Murray and Jane Spencer swapped London for a laid-back life on the banks of the River Thames
When Murray Spencer and his wife Jane found out they were expecting a baby, they decided to up sticks and move from London to the countryside. ‘We used to live in a Victorian terrace in Hammersmith, but wanted to bring up our children (Ella, five, and Ben, two) in a more rural environment – somewhere they’d be able to climb trees, go out on their bikes and breathe clean air,’ says Murray. Their search centred on an Oxfordshire village, just an hour’s drive from their previous house and located along the picturesque banks of the River Thames. ‘There’s a lovely high street with a butcher’s, a pub and a cricket pitch, as well as a train station, which means we’re still brilliantly connected to London. The children can walk to school and at the weekend we’ll wander along the river bank or picnic in the communal garden, which borders the water,’ says Murray.
AN EXTENDED SEARCH
Finding the perfect home in such a desirable location was far from straightforward, however, and the family rented for two years (and viewed over 50 properties both within the village and beyond) before settling upon a centrally located, turn-of-the-century Arts & Crafts house. ‘It was a frustrating time, but renting proved invaluable in that it helped to focus our minds and clarify what we were looking for,’ says Murray. ‘We wanted somewhere with big sash windows and high ceilings but top of the list was a village community and space to entertain.’
The house was originally beyond the Spencers’ budget, but, having been on the market for several months and failing to sell, the price was reduced and the couple booked a viewing. Although Jane was immediately taken with the house (which had been used as a dentist’s surgery before being returned to residential use by the previous owners), Murray remained unconvinced. ‘When I first showed the details to my brother he commented that it looked like a pub – all dark beams and almost Tudor in style,’ Murray laughs. ‘But after talking it through with Jane I started to see how it could really work for us as a family. The third floor is almost self-contained so perfect for putting up friends and family for the weekend and the garden is safe and enclosed.’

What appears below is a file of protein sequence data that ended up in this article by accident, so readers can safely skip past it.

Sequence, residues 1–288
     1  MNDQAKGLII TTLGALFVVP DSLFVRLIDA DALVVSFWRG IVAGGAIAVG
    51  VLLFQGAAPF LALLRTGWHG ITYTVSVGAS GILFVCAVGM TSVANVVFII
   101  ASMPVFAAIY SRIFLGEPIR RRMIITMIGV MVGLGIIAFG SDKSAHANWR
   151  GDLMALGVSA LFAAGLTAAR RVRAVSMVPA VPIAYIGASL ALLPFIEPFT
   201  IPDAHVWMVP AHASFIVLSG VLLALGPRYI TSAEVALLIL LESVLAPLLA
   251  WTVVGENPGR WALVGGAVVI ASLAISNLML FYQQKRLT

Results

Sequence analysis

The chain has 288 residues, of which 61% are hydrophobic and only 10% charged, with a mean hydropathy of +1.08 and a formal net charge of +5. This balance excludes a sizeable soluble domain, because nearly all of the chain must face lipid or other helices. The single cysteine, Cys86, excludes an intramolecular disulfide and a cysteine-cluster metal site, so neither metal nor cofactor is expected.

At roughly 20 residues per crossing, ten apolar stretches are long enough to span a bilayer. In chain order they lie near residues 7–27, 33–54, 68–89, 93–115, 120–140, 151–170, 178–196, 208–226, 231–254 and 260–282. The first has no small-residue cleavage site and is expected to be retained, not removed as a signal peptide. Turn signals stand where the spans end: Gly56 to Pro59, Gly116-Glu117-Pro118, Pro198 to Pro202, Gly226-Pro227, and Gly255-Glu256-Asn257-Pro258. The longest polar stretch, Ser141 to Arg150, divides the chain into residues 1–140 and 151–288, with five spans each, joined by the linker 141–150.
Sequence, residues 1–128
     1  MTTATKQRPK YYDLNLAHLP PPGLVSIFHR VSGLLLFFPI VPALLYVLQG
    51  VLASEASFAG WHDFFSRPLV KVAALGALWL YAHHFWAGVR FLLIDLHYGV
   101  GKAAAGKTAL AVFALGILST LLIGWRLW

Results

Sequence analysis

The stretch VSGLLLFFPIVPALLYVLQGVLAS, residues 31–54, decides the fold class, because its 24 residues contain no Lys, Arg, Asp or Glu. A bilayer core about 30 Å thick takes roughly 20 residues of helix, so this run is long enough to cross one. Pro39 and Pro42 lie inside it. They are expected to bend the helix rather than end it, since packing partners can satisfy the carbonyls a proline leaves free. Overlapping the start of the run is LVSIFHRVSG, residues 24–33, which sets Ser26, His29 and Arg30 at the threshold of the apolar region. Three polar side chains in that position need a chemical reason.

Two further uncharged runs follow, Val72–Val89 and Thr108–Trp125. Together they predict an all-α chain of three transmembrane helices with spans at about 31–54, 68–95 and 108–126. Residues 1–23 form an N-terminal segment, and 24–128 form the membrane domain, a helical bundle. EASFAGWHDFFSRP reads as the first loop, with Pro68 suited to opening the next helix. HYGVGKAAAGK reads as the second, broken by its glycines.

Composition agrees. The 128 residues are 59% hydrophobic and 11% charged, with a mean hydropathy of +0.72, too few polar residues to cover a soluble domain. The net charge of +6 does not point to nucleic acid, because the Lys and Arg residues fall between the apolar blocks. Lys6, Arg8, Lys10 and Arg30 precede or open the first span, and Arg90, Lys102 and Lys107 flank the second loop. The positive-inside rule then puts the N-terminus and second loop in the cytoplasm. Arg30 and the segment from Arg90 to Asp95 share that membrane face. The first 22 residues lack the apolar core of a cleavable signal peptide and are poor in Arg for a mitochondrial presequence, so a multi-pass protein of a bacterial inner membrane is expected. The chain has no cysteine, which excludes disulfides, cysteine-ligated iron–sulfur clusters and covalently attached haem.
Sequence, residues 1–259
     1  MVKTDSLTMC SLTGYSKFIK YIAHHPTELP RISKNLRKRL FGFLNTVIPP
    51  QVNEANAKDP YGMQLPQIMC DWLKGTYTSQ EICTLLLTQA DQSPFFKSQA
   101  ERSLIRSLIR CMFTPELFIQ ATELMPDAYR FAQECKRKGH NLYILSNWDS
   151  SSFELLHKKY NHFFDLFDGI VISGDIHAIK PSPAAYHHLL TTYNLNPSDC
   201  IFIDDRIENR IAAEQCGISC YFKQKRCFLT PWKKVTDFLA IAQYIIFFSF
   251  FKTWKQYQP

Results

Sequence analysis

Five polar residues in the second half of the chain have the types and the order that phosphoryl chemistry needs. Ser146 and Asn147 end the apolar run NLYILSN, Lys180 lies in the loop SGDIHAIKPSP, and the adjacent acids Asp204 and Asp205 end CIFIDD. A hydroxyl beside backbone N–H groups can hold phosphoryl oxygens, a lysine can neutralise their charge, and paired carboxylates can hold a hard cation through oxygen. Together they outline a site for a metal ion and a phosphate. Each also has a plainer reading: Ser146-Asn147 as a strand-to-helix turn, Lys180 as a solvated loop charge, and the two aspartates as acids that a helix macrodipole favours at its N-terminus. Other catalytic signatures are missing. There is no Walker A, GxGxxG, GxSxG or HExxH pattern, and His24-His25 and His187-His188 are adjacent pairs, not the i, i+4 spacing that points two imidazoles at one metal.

The house not only retained numerous period features – including cast-iron fireplaces, decorative coving and an imposing entrance hall and staircase – but it only required cosmetic updating. ‘We’d done quite an extensive renovation job on our house in Hammersmith and couldn’t face the upheaval again,’ says Murray. ‘I can tolerate living on a building site and going to bed in dusty sheets but both Jane and I felt it wouldn’t be feasible with youngsters in tow.’
The layout of the property has been configured with family in mind. A large open-plan kitchen allows Jane to cook while the children busy themselves with colouring books and jigsaws. What was once a dining room has been given over to a family room with vibrant tangerine accent shades and a miniature table and chairs – the perfect size for Ella and Ben, who come in here to watch television or play games. ‘It also means that all the kids’ stuff is pretty much consigned to one room – giving us some grown-up space, free from the paraphernalia associated with a young family.’
The Spencers updated the walls with a lick of paint and selected bold furnishings to inject energy into the space. ‘The furniture was the starting point of the scheme. We knew we wanted a corner sofa and this one came in brown or orange. We decided to be brave and opt for the latter!’ says Murray. ‘We also purchased a contemporary glass pendant light shade and chose some mad fabric for the curtains.’
With much of the house painted an inoffensive but uninspiring magnolia, there was plenty of scope for the couple to make their mark. Within a few weeks of moving in, the interior walls of the dining room had been painted in Farrow & Ball’s Downpipe, a bold offblack shade, which adds drama and sophistication to the light-filled space; and the kitchen – previously an insipid yellow – was redecorated in a neutral greygreen shade. ‘We felt we could live with the kitchen itself, which has the look of a painted country kitchen even though the doors are actually foil-wrapped, but the yellow walls had to go!’ Murray says.
They also added interior insulation to the northfacing en suite bathroom and a walk-in shower – but kept their budget in check by retaining the existing sanitaryware and monochrome tiles.
Having rented for an extended period, the couple were keen to personalise the children’s rooms. Ben’s curtains and roller blind have a distinctive and playful design, and Ella, who was keen to have a hand in the design of her bedroom, opted for a pink scheme. ‘If she’d had her own way, it would have been bright pink,’ says Murray. ‘But we compromised on a delicate dusky pink and accessorised with wall stickers – feminine but not too girly.’
After their lengthy search, the Spencers are understandably delighted with their move to the countryside and the lifestyle it affords. ‘At weekends, we’ll wander along the high street and enjoy a lazy brunch at the local delicatessen or hire a boat and take it out on the river. We also cycle along the towpath. It’s the perfect place to bring up a family.’